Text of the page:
Launch of Australia's Future
More exciting than the law, more glamorous than accounting…
Australia’s Future: 28 creative careers for adventurous young people in science, technology, engineering and mathematics
Chief Scientist Professor Ian Chubb will launch Australia’s Future, a free magazine featuring 28 people and the very different journeys they’ve taken from their studies in science and maths, at Parliament House on 18 March.
Dr Liz New, a chemist at the University of Sydney, reckons she’s got the best job anyone could have.
“We have this idea that scientists are the ones who perform best in school or have a focused personality,” says Liz. “For me, the scientific personality is simply anyone who is curious enough to ask questions.”
Tim Senden, head of applied maths at ANU, nearly dropped his science degree. It was too compartmentalised, but soon realised that experimental research was what he was ‘wired to do’.
“I’m driven by the opportunity to work with different people on diverse topics and simply use science as the vehicle to build these relationships,” says Tim.
Australian Science Teachers’ Association CEO Vic Dobos says he wants students – and their parents – to think about science careers more broadly.
“We all know Australia needs more scientists and engineers, but I have always felt we needed to tell our young people more about all the other things which become possible if they stick with science at school,” says Vic.
For example, Patrick Haylock has left the lab to work as a patent examiner.
“I’ve always liked finding out new things and observing the processes of scientific discovery,” says Patrick. “I get to look at work that is at the cutting edge… I will never get bored of that.”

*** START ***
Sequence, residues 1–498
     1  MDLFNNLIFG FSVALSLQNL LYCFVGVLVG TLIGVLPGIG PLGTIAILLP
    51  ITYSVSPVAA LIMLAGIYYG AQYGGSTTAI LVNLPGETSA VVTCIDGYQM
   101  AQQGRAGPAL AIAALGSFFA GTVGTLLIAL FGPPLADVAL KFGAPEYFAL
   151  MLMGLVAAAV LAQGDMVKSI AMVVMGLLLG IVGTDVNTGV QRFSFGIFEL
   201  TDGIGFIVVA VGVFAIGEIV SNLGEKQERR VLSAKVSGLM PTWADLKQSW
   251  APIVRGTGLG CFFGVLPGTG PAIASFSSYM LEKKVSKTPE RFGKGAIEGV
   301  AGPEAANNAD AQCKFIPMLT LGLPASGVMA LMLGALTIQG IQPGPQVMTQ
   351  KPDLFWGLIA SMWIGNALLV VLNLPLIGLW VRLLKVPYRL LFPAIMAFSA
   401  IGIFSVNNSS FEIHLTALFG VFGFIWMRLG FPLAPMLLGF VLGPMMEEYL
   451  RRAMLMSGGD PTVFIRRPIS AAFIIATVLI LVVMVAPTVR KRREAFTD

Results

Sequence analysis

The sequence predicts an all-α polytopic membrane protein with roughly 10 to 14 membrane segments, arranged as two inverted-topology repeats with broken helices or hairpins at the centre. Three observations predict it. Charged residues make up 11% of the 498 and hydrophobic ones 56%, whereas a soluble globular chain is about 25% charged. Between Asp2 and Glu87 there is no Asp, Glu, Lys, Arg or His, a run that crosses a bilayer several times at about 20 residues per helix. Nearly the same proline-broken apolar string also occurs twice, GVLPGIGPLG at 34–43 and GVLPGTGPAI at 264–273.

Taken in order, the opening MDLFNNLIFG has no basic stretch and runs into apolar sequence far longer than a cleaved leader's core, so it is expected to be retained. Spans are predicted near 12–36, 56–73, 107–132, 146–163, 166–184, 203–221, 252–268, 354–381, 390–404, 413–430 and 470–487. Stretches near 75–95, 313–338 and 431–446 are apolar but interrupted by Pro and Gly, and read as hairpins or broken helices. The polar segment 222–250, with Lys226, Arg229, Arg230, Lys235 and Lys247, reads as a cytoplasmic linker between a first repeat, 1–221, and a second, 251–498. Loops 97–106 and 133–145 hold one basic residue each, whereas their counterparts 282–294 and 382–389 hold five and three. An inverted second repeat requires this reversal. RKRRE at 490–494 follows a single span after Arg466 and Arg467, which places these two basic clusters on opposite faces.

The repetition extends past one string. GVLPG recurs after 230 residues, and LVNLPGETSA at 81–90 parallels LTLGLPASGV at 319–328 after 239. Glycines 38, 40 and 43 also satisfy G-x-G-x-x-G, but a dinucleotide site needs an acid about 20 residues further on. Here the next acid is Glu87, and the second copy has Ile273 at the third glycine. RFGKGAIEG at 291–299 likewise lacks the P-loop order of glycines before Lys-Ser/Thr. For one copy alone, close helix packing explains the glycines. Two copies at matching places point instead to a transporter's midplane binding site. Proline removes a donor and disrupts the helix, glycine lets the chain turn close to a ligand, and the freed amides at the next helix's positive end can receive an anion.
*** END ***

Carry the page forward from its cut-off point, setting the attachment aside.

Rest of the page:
The magazine shows young people that science is not all goggles and lab coats. It features passionate scientists, students and teachers who talk about their experiences and show how just about anyone can be part of this adventure.
“Careers in science and maths are creative, inventive, people-focused and great for young people who want to change the world,” says Vic.
About the magazine:
The 24-page magazine features 28 Australians who’ve made a life in science and maths. It also includes information for teachers, parents and students to help them find their own pathway to a science career.
The project was supported by: the Office of the Chief Scientist, the Australian Science Teachers Association, the Australian Association of Mathematics Teachers, the Australian Mathematics Trust, Australian Science Innovations, CSIRO, the National Mathematics Summer School and the National Youth Science Forum.
Read more about Liz, Patrick, Tim and the others who shared their journey at: http://australiasfuture.com/